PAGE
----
Mesh Networking is the solution to the WiFi issues

With the ever expanding networking the single-router model doesn't work out anymore, there is no way it can cover our modern requirements. We want to move around, while working with devices and streaming content, but as soon as we move away from the router, signal level degrades more and more until it results in a WiFi dead zone. We are positive that mesh networking can help you organize an evenly spread signal.

What is mesh networking and how it works


A wireless mesh network consists of radio nodes organized in a mesh topology. Wireless mesh networks combine mesh clients, mesh routers and gateways. They distribute Wi-Fi signal evenly and solidly around your house or office.

In mesh networking, mesh routers are all connected and sending the WiFi signal from one to another as well as to the surrounding area. Basically it is like a patchwork blanket covering the whole space.

If your phone is connected to mesh router A and is trying to communicate with the cable modem connected to router C, the mesh router B in-between will provide the better communication.

These intermediary points are mesh networking “hops”. Each hop will introduce some delay, so there is a point in minimizing their number, i.e finding the most direct route among them. When you have enough mesh routers, if one is offline for some reason, the signal can find the way around thanks to alternative nodes.

How does the mesh network?

Various mesh routers manufacturers (Eero, Luma, Netgear Orbi, Google WiFi) may have some differences, but there is one thing they surely have in common: they all promise to eliminate Wi-Fi dead zones by covering your space with an evenly distributed Wi-Fi signal. They are all good-looking, easy to set up, very convenient after all.

Mesh Networking vs. WiFi extenders


If you have a large space that can't be covered with a single powerful router, or there is no possibility to install a router centrally, or you can't run Ethernet cables throughout the space, or maybe the walls are made of thick material that causes interference, the good solution would be implementing mesh networking.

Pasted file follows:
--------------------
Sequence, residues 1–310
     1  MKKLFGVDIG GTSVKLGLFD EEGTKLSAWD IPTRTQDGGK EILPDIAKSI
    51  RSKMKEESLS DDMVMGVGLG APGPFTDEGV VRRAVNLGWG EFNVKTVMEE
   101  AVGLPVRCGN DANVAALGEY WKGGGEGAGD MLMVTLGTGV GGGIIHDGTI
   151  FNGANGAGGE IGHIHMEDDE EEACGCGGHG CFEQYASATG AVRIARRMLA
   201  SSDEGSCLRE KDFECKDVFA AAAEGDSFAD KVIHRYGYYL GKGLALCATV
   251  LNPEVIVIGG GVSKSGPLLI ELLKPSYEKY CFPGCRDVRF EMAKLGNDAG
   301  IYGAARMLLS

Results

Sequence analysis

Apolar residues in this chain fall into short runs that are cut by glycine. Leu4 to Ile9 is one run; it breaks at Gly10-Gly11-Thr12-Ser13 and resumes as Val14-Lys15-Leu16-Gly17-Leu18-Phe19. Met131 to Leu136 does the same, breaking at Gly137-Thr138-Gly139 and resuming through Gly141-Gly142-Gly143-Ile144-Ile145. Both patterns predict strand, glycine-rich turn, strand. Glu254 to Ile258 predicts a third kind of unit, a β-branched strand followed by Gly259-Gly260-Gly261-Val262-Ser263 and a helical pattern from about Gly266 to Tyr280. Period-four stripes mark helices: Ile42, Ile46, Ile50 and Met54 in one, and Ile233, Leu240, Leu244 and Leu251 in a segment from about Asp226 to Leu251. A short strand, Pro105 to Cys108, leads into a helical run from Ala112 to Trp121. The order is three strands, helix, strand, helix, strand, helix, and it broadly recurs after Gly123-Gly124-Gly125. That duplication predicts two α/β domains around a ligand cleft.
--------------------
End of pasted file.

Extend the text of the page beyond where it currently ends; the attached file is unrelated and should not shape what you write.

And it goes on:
A mesh network has a really good feature of self-reproduction: even if one or more nodes are not working or removed, a mesh network will redistribute data via another channel. Also whenever a new node is added, the mesh network can discover and configure new device.

Most of the times a good mesh networking kit will fix the issues with WiFi dead zones and will provide you with an even signal all over the space. And again, it is a no brainer to set such system up. However it doesn't make your network signal faster. Of course it will feel faster, because of the multiple access points and devices finding the signal faster and staying connected. A network with multiple access points can well handle a lot of devices better than one WiFi router. However a lot of spaces like single family homes and small businesses don't have that many devices connected at once.

A WiFi extender is a good addition to your existing router before implementing a mesh network. Such decision will cost you less than getting rid of everything you had and investing in a mesh networking kit. The least expensive mesh kit is around $400.00, and sometimes it may be an unnecessary spending.

Here you can find more info on mesh networking, its purpose and how it can be useful for you.

To see the WiFi dead zones of your home or office, use NetSpot survey app that helps you manage your WiFi network in the most efficient way.


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